U. North Carolina-Charlotte adopts unified security platform for data protection
By updating its IT security system, the University of North Carolina at Charlotte has been able to better protect student, faculty and university data during the pandemic while reducing the workload of IT staff, according to university IT leaders.
Any time students, faculty or staff members take their devices off campus to works remotely, there is an increased IT security risk, Jesse Beauman, assistant vice chancellor for enterprise infrastructure at UNCC, told EdScoop. And with the ongoing pandemic and its increase of online work and learning at UNCC, that IT security threat has increased dramatically, he said. However, with the university’s recently updated security infrastructure, Beauman said he and his team have continued to provide the campus community with a high level IT security no matter where they are located.
“[Students, faculty and staff] are outside of our normal protective boundaries, the campus, where we typically would have a lot more control,” Beauman said.
And on top of that, he said, there has been a huge increase in cyberattacks to the campus, including many phishing attacks.
However, Beauman said that the university’s security ecosystem, comprised primarily of security tools from the technology giant Cisco, has allowed the university to easily and efficiently adapt to the changing dynamics of education during the pandemic.
“Several years ago, we had sort of a disparate collection of different products or bought at different points in time,” Beauman said, adding that when university IT staff responded to an incident or performed a security analysis or investigation, they had to work between several different systems. “Now we have a real live security ecosystem that’s flexible, that’s scalable, and more importantly, easy to use.”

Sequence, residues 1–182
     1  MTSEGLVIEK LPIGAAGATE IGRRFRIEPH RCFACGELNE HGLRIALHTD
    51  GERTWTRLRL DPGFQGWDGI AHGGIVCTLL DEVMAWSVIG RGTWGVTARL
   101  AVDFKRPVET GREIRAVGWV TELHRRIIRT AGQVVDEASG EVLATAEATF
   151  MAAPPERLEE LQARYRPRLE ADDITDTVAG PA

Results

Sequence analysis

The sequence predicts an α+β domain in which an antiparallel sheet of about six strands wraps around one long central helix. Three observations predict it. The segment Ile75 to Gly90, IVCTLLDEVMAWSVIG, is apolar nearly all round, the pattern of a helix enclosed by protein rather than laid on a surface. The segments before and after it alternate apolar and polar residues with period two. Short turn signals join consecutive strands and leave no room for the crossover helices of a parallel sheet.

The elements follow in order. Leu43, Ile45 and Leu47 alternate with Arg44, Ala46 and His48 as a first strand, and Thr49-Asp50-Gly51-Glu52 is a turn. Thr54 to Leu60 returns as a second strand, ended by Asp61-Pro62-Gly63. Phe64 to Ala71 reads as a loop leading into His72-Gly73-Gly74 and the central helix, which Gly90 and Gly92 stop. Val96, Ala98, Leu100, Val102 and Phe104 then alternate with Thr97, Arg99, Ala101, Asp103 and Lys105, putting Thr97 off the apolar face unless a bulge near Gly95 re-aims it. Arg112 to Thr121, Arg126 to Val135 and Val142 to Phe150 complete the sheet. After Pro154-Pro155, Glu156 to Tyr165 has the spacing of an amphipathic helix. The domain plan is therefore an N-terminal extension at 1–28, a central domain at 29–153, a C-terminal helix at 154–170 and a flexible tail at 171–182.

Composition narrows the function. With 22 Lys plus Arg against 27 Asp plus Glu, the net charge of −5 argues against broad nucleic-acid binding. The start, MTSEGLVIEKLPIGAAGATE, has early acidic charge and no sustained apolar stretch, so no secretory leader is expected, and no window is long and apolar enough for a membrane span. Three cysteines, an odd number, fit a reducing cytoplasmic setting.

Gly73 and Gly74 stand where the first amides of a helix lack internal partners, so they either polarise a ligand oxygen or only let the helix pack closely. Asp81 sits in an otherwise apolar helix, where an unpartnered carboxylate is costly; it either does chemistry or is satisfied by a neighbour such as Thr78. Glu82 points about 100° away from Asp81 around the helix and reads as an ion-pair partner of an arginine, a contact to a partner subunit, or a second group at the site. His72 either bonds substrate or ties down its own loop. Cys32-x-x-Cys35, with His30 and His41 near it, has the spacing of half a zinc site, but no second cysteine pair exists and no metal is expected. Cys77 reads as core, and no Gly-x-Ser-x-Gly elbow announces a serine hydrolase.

Beauman said his team is using Cisco’s Secure X platform, which integrates feeds from the university’s various IT security tools — like malware protection, email monitoring and endpoint detection — into one interface.
“Now, when we get a report of an infection or an outbreak or something, [IT staff] can go into one screen and see all the data going on,” he said. “It’s a huge time saver. In minutes they’re able to do what used to take hours or days.”
Additionally, Beauman said, the university’s IT security system doesn’t inhibit students, faculty or staff while they work on their devices.
“We don’t want security to be burdensome,” he said. “We want people to be able to do their job and really not notice that we’re protecting them. … If they’re constantly getting prompts or being told they can’t do something or being denied access, they’re not going to be happy and they’re going to find a way to work around the system.”
And with the increased security threat of remote learning and working during the pandemic, as well as the increase in cyberattacks seen over the past months, Beauman said, having a security system that works with users instead of against them is hugely important in ensuring that student, faculty, research, and university data is protected.